We're heard it before, that AT&T and British Telecommunications are in talks to merge. This week, the rumors were reignited. Is there any reason to think the deal might be a reality now?
Stories by Jason Krause
After an awful nine-month stretch in which almost everything that could go wrong did go wrong, there's finally some good news at Lucent Technologies Inc. The one-time king of the telecom equipment business last week confirmed plans to spin off its fiber-optic division in what promises to be a bonanza payday. Next week the public offering of Agere, its microelectronics group, is expected to bring in US$6.5 billion, making it the second-largest IPO (initial public offering) in history.
Lucent Technologies Inc. has a problem: It hasn't got much of itself left to sell. The once high-flying telecommunications equipment maker confirmed Wednesday that it is trying to unload its Atlanta-based Optical Fiber Solutions division, a move that had been rumored for weeks
It's probably hard for most people to imagine misplacing nearly US$700 million, but that's just what Lucent Technologies Inc. did, and now the U.S. Securities and Exchange Commission is investigating the company's accounting practices. And that's only one of the problems facing Lucent and its relatively new CFO, Deborah Hopkins.
Yet another titan of American capitalism is teetering near the brink of breakup. Following weeks of speculation that phone giant AT&T is planning to spin off various business units, the nearly bankrupt Xerox is reportedly considering selling off parts of itself, including the world-famous Xerox PARC research center in Palo Alto, California.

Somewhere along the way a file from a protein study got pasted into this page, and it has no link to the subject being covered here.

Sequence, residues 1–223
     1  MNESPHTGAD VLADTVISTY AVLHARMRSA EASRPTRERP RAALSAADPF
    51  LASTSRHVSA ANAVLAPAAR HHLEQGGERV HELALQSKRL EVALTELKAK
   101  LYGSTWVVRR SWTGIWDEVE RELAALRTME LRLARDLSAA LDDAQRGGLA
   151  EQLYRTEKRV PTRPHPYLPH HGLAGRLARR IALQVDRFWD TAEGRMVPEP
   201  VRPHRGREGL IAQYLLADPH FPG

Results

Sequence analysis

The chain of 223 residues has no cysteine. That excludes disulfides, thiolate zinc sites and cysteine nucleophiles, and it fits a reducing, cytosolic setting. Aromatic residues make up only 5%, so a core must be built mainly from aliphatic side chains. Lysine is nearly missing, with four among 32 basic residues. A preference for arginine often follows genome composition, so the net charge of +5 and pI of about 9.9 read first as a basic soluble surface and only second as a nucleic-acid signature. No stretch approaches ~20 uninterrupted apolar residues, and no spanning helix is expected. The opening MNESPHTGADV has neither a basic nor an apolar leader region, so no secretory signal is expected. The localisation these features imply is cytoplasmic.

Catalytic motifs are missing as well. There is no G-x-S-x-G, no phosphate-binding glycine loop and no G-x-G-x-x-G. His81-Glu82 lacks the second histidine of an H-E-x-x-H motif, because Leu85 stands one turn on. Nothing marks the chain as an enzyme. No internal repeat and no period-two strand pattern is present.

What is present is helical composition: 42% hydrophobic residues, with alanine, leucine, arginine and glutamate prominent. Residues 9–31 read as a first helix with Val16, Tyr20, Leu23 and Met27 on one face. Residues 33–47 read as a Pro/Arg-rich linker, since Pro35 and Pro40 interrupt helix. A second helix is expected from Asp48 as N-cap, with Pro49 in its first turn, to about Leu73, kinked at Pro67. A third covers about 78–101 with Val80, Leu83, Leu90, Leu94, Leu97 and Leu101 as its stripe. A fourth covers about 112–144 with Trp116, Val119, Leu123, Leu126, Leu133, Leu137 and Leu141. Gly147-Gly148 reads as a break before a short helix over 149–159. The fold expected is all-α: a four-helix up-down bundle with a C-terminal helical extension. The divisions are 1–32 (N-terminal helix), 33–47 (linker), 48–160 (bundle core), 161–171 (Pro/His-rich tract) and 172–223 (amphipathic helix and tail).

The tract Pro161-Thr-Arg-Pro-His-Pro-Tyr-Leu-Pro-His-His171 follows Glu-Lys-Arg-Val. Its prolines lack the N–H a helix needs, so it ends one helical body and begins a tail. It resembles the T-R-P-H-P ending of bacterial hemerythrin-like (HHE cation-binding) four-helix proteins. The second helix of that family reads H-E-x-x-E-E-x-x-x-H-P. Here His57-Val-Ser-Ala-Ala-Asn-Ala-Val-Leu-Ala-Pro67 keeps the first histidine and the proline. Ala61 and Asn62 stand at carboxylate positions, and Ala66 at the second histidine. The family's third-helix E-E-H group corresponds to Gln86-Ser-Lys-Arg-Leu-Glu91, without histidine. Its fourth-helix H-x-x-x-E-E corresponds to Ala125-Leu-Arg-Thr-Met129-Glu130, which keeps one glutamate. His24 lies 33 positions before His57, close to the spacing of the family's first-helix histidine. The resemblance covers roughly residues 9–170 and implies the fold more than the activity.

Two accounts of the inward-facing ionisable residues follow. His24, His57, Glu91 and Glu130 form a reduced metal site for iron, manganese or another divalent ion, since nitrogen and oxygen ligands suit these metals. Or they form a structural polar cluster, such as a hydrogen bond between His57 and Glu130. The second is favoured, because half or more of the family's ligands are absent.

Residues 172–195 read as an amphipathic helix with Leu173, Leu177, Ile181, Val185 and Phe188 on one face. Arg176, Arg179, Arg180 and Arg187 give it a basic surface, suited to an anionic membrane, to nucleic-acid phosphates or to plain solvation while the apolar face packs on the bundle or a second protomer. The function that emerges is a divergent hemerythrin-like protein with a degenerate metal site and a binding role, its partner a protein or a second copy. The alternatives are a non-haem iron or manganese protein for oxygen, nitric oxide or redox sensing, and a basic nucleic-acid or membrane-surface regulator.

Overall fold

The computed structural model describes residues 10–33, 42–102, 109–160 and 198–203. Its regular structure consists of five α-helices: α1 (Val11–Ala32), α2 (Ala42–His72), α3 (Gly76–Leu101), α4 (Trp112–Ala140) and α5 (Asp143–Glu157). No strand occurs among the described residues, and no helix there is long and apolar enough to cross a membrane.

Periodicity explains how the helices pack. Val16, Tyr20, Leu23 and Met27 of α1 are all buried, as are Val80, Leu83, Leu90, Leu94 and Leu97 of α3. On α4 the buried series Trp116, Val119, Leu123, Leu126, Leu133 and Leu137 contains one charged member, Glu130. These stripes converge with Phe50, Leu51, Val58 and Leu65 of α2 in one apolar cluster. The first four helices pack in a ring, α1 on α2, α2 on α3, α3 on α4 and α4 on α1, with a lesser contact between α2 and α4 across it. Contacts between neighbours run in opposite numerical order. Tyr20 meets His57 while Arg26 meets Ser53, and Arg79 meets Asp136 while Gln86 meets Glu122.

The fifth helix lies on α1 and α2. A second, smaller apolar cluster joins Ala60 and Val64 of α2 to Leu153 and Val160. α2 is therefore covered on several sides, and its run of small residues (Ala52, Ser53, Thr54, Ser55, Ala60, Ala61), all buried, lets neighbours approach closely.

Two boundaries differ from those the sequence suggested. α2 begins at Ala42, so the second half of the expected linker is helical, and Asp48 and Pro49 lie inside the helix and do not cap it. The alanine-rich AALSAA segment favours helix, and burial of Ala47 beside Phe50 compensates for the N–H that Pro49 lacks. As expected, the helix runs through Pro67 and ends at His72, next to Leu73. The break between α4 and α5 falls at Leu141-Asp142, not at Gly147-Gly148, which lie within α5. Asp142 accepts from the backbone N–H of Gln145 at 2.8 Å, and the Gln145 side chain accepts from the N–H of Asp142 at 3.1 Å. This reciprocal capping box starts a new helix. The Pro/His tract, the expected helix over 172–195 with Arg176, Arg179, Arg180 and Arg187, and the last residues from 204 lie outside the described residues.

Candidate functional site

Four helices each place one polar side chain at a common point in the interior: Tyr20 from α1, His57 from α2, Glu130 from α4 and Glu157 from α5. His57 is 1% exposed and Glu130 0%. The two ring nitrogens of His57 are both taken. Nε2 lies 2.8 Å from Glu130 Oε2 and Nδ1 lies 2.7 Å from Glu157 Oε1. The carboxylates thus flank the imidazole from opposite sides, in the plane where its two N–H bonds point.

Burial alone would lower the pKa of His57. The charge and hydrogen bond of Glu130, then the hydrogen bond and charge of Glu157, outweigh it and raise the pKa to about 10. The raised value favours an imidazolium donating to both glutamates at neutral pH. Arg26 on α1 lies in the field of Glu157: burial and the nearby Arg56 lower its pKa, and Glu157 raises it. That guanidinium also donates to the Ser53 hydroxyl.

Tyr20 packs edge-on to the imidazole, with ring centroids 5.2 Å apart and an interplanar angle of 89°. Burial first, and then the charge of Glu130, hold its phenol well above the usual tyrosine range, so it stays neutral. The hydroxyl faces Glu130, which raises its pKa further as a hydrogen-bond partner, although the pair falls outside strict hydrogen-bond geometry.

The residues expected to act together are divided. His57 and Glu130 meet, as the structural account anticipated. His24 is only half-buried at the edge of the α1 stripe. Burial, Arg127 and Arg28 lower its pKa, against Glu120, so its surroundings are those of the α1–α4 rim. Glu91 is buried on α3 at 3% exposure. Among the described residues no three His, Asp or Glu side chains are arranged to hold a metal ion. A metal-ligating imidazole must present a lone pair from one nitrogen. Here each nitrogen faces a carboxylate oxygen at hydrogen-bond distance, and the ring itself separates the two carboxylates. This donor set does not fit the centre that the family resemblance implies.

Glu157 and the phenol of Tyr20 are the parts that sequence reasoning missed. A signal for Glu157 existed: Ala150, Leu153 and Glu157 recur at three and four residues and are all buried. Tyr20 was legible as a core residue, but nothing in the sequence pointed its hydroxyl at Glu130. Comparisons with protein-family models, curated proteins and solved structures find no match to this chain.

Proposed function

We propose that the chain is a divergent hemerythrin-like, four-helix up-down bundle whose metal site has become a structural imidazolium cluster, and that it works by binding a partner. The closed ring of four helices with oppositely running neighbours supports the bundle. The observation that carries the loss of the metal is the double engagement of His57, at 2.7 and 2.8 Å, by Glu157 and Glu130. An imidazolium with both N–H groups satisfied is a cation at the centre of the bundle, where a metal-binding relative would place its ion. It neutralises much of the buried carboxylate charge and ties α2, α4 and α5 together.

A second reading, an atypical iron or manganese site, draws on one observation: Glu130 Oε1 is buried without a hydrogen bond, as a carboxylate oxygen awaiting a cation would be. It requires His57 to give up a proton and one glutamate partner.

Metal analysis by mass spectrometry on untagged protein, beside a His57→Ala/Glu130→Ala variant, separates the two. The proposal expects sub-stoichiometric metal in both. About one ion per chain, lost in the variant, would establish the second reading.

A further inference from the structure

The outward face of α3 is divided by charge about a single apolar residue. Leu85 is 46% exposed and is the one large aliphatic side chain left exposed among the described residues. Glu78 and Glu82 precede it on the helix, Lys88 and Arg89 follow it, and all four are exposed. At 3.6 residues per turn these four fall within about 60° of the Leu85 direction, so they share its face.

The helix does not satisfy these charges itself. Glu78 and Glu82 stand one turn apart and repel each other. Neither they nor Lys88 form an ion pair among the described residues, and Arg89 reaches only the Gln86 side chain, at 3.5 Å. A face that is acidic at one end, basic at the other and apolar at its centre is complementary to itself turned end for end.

It's hard to remember now, but just a couple of years ago, being an Internet service provider was an unproven, intriguing new business model.
ITXC began life in 1997 as a networking company that carried phone traffic for cheap prepaid calling cards. By late last year, its service had became good enough for second-tier carriers to begin putting some of their international traffic on ITXC's networks, since they were cheaper than old-fashioned phone lines. Now the Princeton, N.J.-based company claims that 13 of the 14 largest U.S. carriers, along with a host of international players, send phone traffic over its networks.
Verizon Corp. filed Thursday to issue up to $5 billion in common stock in an initial public offering of its wireless division, marking the latest chapter in the high profile and volatile history of this young company.
Content distribution is the buzzword, and Inktomi Corp. (INKT) and AOL are the new kids on the block. The question is whether they can catch the industry leader, Akamai.
While Web businesses are failing left and right, the free Internet access model has, contrary to many predictions, managed to survive - and even to thrive in a few cases - until now. WorldSpy, one of the most interesting upstart ISPs to offer free access, has shut off its services.
Bernard J. Ebbers, who emerged from Mississippi to go on a decade-long acquisition spree to assemble a global telecom powerhouse, has, like Bill Gates, finally met his match in the Justice Department. And for the Internet Economy, that may be a good thing.
It's a tale that has become Silicon Valley legend: Steve Jobs visited Xerox Corp.'s Palo Alto Research Center in the early days of computers and was shown the prototype of the Alto computer.
AT&T Wireless Inc.'s IPO - the biggest in U.S. history - was a huge financial victory for the company. But it's just one step in the telco giant's master plan.
Qualcomm's investment in free Internet-access company <company id=264345>NetZero.com on Monday wasn't just a big boost to NetZero, it was a boon to the free Net-access movement in general. So far, free access has been relegated to dialup accounts, but NetZero, thanks to Qualcomm, is trying to push into wireless and broadband, as well.
One of the remarkable aspects of the market gyrations of past weeks is the way everyone, regardless of their prospects, got hammered. But if any sector is poised to bounce back strong, it is telecommunications.